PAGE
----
Generally speaking, an annulment is an Arizona court’s legal recognition that a marriage is void. Under Arizona law, an annulment is granted by a court if the marriage was void from its inception or if a barrier existed that caused the marriage to be void. In order to be granted an annulment in Arizona, the same procedures must be followed as those who are seeking a regular divorce.
A civil annulment is unlike a religious annulment, which can only be granted by the church or a clergy member within the religion and has no legal effect. Annulments and divorces are similar in that the court makes a determination on the couple’s marital status. They are different, however, in that a divorce ends an existing and valid marriage whereas an annulment declares that what was perceived and understood to be a valid marriage actually was not. According to the law, an annulled marriage never existed in the first place.
Arizona law allows for various grounds to seek an annulment. These include, but are not limited to:
- Bigamy, where one of the parties was married to another at the time;
- Blood relation between the spouses;
- One spouse was a minor at the time of the marriage, who did not obtain parental consent;
- One or both parties –
- lacked the mental or physical capacity to get married;
- was intoxicated at the time of the marriage;
- lacked the intent to enter into a marriage contract;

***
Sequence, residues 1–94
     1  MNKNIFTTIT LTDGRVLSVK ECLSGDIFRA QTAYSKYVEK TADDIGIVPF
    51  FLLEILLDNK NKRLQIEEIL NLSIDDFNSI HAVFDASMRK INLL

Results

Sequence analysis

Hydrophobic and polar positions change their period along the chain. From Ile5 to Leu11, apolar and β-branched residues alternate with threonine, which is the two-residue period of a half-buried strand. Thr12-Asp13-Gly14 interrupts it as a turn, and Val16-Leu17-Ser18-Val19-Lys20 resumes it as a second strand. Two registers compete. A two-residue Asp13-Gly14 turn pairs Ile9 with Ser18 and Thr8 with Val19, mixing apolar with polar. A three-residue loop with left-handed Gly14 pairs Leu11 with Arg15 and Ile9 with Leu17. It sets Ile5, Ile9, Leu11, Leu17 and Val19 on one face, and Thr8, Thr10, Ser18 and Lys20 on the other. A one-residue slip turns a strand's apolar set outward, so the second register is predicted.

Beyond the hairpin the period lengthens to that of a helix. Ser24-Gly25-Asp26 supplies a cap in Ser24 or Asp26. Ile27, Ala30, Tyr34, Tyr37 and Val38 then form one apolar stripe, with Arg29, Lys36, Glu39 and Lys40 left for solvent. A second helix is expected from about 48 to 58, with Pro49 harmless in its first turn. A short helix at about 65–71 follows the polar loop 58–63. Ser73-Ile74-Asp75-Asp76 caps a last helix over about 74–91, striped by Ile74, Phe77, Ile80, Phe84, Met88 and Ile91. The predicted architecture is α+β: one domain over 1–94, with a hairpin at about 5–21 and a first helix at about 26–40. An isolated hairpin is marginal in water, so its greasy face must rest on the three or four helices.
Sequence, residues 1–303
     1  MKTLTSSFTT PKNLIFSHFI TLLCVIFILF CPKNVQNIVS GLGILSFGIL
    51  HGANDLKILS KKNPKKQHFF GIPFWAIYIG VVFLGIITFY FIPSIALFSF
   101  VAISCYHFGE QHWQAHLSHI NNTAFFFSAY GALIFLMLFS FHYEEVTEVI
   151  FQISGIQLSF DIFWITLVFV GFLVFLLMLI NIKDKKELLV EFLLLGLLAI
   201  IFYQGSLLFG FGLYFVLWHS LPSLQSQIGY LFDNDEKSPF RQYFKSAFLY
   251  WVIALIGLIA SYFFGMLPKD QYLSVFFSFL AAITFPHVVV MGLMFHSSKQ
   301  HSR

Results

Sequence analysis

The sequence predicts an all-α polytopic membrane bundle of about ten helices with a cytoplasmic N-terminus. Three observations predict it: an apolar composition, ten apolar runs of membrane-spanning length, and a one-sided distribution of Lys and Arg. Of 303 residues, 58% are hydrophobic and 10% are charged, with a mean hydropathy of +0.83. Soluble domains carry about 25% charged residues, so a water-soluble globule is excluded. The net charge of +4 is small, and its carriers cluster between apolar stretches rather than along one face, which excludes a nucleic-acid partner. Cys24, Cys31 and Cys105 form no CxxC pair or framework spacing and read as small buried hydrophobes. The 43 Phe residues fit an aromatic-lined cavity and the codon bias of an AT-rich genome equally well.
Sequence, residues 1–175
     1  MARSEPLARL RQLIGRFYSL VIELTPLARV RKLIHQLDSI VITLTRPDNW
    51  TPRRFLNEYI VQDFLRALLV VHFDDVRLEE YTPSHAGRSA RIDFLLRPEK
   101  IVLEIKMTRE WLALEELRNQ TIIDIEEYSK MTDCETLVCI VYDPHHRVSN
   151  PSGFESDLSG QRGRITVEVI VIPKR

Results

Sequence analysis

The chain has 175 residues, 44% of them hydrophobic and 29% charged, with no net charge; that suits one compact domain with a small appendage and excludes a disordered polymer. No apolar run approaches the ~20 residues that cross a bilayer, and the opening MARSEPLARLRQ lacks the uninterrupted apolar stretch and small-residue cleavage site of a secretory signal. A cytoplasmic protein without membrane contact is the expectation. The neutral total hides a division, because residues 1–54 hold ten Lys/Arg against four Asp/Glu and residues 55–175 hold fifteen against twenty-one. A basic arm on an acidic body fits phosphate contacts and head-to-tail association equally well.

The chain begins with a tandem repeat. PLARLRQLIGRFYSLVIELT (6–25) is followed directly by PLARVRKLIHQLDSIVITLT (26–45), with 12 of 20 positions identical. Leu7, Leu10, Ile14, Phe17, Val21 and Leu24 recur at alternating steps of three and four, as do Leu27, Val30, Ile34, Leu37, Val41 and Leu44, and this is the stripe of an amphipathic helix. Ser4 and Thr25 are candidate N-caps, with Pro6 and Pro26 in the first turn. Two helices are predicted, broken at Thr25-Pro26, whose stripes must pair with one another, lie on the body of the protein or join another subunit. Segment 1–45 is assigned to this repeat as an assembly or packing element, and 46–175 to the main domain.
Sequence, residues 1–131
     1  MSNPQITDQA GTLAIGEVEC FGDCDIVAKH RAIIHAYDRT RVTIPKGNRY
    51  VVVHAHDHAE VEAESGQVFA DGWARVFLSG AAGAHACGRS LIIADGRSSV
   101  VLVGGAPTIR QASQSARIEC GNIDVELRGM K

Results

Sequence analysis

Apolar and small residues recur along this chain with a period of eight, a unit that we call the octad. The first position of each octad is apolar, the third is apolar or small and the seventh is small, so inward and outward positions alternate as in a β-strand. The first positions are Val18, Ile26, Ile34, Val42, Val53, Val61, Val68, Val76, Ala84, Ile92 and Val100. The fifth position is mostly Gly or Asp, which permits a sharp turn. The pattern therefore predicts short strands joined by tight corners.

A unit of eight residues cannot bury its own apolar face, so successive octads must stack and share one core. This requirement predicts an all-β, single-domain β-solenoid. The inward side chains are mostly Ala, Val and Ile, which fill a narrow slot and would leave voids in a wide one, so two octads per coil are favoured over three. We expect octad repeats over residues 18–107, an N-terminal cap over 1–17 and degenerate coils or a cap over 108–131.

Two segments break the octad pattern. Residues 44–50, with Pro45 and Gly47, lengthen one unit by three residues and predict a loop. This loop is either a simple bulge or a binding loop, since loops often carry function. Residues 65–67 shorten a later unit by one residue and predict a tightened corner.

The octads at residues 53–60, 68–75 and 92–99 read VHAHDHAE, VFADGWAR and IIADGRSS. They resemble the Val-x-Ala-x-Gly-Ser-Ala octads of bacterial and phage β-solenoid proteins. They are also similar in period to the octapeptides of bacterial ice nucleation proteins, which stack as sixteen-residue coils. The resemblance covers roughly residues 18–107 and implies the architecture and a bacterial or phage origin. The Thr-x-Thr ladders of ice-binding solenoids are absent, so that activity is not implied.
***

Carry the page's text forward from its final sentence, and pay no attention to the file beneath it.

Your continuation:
- The couple failed to obtain an official, proper marriage license;
- One of the parties used duress or fraud to induce the other party to get married;
- One spouse concealed his or her marital status from the other;
- One spouse misrepresented his or her religious beliefs prior to the marriage;
- One spouse quietly planned to dodge a premarital agreement; or
- The couple has not had sexual relations or one party refuses to do so.
Getting an Annulment & its Effects
Arizona’s superior courts have jurisdiction over marriages and someone seeking an annulment needs to file the proper paperwork – known as a “petition” – at his or her local courthouse. After receiving and reviewing all documentation, an Arizona superior court judge can declare a marriage null and void, annulling the nuptials via court order.
A common concern of those considering an annulment who have children is common is paternity. Technically, any children born out of a marriage that is later annulled are illegitimate because the union was never valid to begin with. Notwithstanding, Arizona law provides all children with the same legal protections and courts have expressly decided that parents of children born outside of marriage have shared custody once paternity has been established.
If an annulment is successfully sought, each former spouse is free to tie the knot with someone else without going through a divorce. At the same time, each party forfeits any rights she or he may have enjoyed as a married person such as inheritance, marital property and alimony (commonly referred to as spousal maintenance).
Arizona Annulment Attorney
Just like a divorce, there are serious financial and legal consequences that result from an annulment. Therefore, a skilled family law attorney should be contacted if you or someone you know is considering or facing annulment of a marriage before proceeding. The skilled attorneys at the Law Offices of Ronald L. Kossack have years of experience handling all matters relating to family law, including annulments and divorces, for clients throughout Arizona. Call (480) 345-2652 today to schedule your free, initial, consultation.